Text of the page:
Katie, a 20-year-old college student, has suffered from migraines for several years. While Katie’s doctor recently prescribed her a new medication for migraine relief, Katie is worried about the possible side effects associated with migraine medications, including unknown long-term effects. Katie also worries about how she will afford her new medications.
Are you, like Katie, concerned about the potential for problems following long-term migraine medication usage? If so, you are not alone. One study published in the journal Headache found that two out of three individuals with recurring migraines delayed or avoided taking migraine medications due to concerns about treatment side effects.
The FDA has specifically approved three over-the-counter drugs (Excedrin Migraine, Advil Migraine and Motrin Migraine) and two prescription drug classes (Triptans and ergotamine) for treating migraine attacks. While other types of drugs, such as barbiturates and opioids, are sometimes prescribed for off-label attacks, these drugs have not been approved by the FDA and are also considered to be addictive. These drugs are not for “first-line” therapy, but should only be prescribed as a rescue treatment when all other options fail, due in part to the addictive nature of these drugs.
From the first flash of a migraine aura to the pulsating pain, nausea and sensitivity to lights and smells, a migraine attack is a serious and incredibly painful experience. While migraine drugs can bring relief to this debilitating pain, these drugs, like any medication, are not without their risks. Here’s what you need to know about the different migraine medications and the top migraine medications fears.
Migraine Medication Fear #1: Side Effects
All migraine medications, including FDA-approved over-the-counter treatments, may cause side effects, ranging from minor to potentially life-threatening. Minor side effects include nausea, dizziness, muscle cramps, chest pain, and abdominal pain. Migraine medications may also complicate blood circulation or cause persistent blood vessel contractions, which increases the risk for heart attack. Additionally, with certain medications, there is a risk for a life-threatening condition known as serotonin-syndrome. Some medications also increase the risk for kidney problems.
Migraine Medication Fear #2: Cost
Migraine medications are not inexpensive. Some patients worry that the price of migraine medications is simply more than they can afford, especially since these drugs need to be taken consistently in order to produce long-term health benefits and provide optimal migraine relief. However, failing to treat migraines can be just as expensive. From emergency visits to hospitalization, the cost of migraine relief treatments can quickly increase for patients that choose not to take regular medications.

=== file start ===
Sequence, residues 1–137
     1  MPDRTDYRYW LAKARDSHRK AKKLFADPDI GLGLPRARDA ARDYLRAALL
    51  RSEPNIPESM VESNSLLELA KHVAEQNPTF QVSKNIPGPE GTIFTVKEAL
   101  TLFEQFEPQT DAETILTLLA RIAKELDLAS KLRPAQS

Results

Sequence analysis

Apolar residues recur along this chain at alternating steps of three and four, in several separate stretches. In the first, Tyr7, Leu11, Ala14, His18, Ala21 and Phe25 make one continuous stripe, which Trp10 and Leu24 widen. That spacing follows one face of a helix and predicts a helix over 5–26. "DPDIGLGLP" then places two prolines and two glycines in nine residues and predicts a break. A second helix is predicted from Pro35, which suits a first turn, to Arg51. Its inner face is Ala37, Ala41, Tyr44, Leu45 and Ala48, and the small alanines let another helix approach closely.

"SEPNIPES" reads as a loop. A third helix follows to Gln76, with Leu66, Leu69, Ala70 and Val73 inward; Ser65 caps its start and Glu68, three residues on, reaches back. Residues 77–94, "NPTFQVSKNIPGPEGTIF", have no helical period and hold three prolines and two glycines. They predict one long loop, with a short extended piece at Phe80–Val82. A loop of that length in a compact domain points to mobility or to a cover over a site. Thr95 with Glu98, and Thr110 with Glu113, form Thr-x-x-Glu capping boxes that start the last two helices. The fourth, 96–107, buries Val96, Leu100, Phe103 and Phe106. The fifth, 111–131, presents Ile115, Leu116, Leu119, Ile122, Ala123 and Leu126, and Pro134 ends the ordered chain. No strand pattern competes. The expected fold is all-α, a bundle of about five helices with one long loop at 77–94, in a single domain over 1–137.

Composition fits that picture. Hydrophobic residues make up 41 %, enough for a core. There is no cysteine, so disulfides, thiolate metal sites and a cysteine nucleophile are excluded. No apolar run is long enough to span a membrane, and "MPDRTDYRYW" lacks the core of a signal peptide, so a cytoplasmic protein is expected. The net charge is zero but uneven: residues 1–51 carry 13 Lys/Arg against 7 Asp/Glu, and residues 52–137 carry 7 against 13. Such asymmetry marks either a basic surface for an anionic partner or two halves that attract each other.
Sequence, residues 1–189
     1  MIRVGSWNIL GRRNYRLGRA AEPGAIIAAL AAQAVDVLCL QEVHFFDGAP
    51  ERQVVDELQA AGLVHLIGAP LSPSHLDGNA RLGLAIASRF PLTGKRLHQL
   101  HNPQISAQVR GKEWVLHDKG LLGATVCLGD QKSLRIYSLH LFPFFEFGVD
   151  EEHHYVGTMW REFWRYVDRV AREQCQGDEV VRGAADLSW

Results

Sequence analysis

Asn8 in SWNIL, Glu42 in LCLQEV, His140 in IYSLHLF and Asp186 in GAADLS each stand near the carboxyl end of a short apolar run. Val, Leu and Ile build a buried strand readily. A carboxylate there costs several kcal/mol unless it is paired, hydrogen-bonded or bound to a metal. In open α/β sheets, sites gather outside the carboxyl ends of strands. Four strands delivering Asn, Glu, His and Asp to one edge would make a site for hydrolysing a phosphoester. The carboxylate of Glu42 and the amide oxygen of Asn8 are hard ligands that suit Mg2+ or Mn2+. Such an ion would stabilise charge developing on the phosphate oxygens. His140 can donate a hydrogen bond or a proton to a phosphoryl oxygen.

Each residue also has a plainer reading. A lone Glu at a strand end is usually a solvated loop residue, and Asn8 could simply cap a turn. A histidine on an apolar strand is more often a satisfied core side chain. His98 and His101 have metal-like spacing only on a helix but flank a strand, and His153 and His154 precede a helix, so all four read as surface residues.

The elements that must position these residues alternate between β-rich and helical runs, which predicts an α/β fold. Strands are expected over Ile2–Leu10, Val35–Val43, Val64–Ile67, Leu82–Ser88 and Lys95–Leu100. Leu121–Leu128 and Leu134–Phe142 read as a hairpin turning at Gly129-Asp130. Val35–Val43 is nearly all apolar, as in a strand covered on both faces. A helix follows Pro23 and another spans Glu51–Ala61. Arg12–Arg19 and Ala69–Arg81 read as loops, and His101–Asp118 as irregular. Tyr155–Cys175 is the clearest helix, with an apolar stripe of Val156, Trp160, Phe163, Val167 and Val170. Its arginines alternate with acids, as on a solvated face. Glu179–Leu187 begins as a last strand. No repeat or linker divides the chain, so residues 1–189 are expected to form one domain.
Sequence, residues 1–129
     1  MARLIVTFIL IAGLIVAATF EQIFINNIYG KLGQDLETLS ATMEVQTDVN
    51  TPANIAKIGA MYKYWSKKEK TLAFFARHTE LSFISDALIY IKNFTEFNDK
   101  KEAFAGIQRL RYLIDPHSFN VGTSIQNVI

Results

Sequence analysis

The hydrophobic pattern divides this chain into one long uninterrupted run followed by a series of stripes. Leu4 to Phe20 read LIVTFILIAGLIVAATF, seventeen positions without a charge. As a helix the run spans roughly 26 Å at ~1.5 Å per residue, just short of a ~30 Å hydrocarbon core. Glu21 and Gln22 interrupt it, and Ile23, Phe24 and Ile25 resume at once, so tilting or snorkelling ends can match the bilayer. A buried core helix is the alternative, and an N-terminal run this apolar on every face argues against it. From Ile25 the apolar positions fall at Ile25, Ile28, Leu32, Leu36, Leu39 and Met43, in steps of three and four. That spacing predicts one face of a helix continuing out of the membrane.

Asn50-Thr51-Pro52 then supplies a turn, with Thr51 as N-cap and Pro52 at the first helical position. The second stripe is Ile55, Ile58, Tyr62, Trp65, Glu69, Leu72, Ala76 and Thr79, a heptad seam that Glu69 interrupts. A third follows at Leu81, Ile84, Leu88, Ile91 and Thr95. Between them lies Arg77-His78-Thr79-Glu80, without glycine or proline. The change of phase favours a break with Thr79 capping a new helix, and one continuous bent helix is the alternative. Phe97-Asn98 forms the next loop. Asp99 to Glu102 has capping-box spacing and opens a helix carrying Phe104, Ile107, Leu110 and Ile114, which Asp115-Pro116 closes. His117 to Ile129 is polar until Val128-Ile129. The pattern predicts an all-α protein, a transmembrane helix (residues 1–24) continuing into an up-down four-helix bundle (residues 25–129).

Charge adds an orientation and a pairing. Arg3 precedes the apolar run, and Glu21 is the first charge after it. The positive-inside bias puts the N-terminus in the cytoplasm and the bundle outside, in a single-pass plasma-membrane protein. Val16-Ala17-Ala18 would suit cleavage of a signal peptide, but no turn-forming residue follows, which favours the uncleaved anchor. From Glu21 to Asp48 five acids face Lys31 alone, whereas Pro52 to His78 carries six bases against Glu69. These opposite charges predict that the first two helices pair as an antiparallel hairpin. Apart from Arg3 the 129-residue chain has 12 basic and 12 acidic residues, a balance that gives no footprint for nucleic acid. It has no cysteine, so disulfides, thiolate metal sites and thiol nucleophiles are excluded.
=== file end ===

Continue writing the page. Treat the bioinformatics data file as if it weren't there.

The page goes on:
Migraine Medication Fear #3: Inconsistent results
Could taking migraine medication actually increase headache intensity? The fear that migraine relief medication could actually lead to more pain is one concern shared by many migraine sufferers. These individuals worry that the migraine relief medications will become less effective as the body adjusts to a specific dosage. Consequently, patients will either need to up their medication strength or face more intense, longer-lasting headaches.
However, according to specialist Roger Cady, MD, sticking with migraine medication will ultimately reduce headache frequency and severity. While Cady warned that even the best migraine medications are only effective about half the time, once a doctor finds the right combination of migraine medications for a patient, the patient needs to stick with these drugs. In fact, Cady even says that patients may ultimately be able to safely come off these drugs once migraine medications have done their job: “Once the nervous system is back in control of things, patients can typically come off these medications.” While migraines increase in severity if patients do not follow the correct treatment protocol; by taking the right migraine relief medication, patients can ultimately decrease severity and may even be able to stop taking the medication all together.
Migraine Medication Fear #4: Long-term/unknown effects, including addiction/dependence.
If migraine pain is severe, doctors may prescribe opioid drugs such as morphine, codeine, meperidine (Demerol), and oxycodone (Oxycontin). Butorphanol is also an opioid in nasal spray form that may be prescribed as a migraine relief rescue treatment when other options fail. Opioids are not formally approved for migraine treatment and should never be used as first line therapy. Additionally, there is a risk for addiction with long-term use. Worse, these drugs may become ineffective with long-term use, as well. Doctors are advised not to prescribe these medications for individuals with a history of drug abuse problems or psychiatric disorders. While dependence and even addiction is possible with some opioid medications, the FDA-approved migraine medications are not addictive.
Migraine Medications: Selecting the Right One
If you are considering new migraine medications, start by talking to your doctor about the right medication for your migraine relief needs. It is natural to be fearful about possible side effects and long-term health problems. However, by discussing things with your doctor and migraine support communities, you may discover that there are the right migraine medications for your needs. It is much better to follow a doctor’s prescription than to self-medicate for migraine relief.
Image Source: Gerry Dincher
http://www.nytimes.com/health/guides/disease/migraine/medications-for-treating-migraine-attacks.html http://www.ajmc.com/publications/supplement/2005/2005-06-vol11-n2suppl/Jun05-2069pS62-S67 http://www.webmd.com/migraines-headaches/news/20030116/migraine-drugs-effects-scare-many-away